In recent months, the number of highly-publicized and much derided snafus in the airline industry suggest to me another impending C-suite battle.

This time the battle will not be over Pixels, but over People.

This time the confrontation will be between Marketing and Human Resources.

Here are three areas where I see this playing out.

Purpose over Policy

Purpose has become one of the hottest areas in management thinking in the past few years. It has become a central mandate of Marketing in many organizations as executives seek new ways to differentiate themselves to prospective clients but also to prospective employees.

Popularized by Simon Sinek in his book “Start With Why” Purpose is typically seen as the ultimate articulation of why an organization exists, where traditional descriptors like Mission Statements defined what an organization was doing to become successful.

What’s more Purpose is seen to actually drive performance and help with both employee acquisition and retention. In their popular book “Corporate Culture and Performance” John Kotter and James Heskett drew significant parallels between organization’s with a strong Purpose and financial performance. And, as we all know, anything that positively impacts the bottomline gets CEO attention.

Historically this hasn’t been the domain of HR. Instead, HR has been more accountable for crucial tasks like labour relations, benefits and compensation, annual leave and annual reviews. These tasks center more on managing people within an organization rather than inspiring them.

In a Purpose-driven organization, the real opportunity doesn’t lie in articulating what is allowed…but what is possible.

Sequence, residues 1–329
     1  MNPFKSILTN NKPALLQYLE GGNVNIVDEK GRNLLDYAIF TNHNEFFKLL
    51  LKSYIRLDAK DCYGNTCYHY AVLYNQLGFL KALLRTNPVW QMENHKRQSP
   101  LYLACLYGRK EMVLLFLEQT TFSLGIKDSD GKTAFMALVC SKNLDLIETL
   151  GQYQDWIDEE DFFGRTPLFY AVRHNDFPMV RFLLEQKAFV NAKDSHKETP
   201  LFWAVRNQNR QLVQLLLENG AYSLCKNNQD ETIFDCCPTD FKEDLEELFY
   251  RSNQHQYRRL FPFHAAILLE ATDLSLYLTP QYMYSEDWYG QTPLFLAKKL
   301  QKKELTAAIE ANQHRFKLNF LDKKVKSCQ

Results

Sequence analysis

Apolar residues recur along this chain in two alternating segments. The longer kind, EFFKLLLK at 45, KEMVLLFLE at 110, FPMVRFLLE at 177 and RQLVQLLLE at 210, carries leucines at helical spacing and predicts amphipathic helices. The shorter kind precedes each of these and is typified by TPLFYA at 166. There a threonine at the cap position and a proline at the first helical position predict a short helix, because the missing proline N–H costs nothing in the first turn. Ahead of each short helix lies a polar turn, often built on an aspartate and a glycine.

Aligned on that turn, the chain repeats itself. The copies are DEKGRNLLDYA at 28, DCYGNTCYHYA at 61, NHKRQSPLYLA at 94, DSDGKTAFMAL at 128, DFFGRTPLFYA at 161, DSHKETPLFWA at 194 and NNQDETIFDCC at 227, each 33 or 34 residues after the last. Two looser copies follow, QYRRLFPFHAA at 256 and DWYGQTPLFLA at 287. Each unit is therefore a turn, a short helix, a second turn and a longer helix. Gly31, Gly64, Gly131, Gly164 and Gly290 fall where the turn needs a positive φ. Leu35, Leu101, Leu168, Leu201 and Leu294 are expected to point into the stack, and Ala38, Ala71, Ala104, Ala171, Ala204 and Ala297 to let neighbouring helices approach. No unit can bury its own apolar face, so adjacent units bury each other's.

Articulating that possibility lies firmly with the CMO today.

Culture as a Differentiator

Marketers spend their lives seeking to create – and market – a compelling differentiator to prospective customers. Tools like positioning statements and classic frameworks like the 4 P’s were built to determine and define these points of differentiation.

As access to markets and technology has obliterated the traditional barriers to entry in many categories, marketers have struggled to find those elusive differentiators. Even more elusive are differentiators that are sustainable and not easily copied by the competition. In many cases organizations are quickly realizing that their own culture is actually a point of differentiation and, considering how long it takes to nurture a great culture, it can’t be easily replicated.

Service-driven organizations are obvious examples where Culture is absolutely a differentiator. Consider how different the experiences at Starbucks, Southwest, Zappos and The Four Seasons are from their competition. But its not just service organizations where culture contributes to success. Internet behemoths like Reed Hastings at Netflix and Jeff Bezos at Amazon both cite their cultures as reasons their organizations have been able to capture market share and mind share so adroitly.

If culture can create meaningful and sustainable differentiation, and that differentiation drives customer preference and loyalty, it is inevitable that forward-thinking CMO’s will want to ensure they have a firm hand in both creating and nurturing their organizational culture.

Brand Experience = Customer Experience AND Employee Experience

In reality all brand experiences are a culmination of an expertly managed customer experience – and that’s often not feasible unless equal rigor is applied to the employee experience.

Simplistically speaking, marketing creates a promise in the market. But invariably it is employees who fulfill or fail on that promise when customers come calling. Case in point, United’s promise of “Fly The Friendly Skies” quickly became fodder for Senate hearings, late night comics and internet memes when their gate crew were anything but friendly. The disconnect between marketing promise and employee fulfillment couldn’t be starker.

For organizations that spend millions tracking metrics like NPS (Net Promoter Score) or instal core KPI’s like Gartner’s “Effortless Experience” the critical necessity to ensure the business delivers and over-delivers on customer’s expectations couldn’t be more important. And, for organizations where executive compensation is directly tied to NPS results, this all comes into very sharp focus.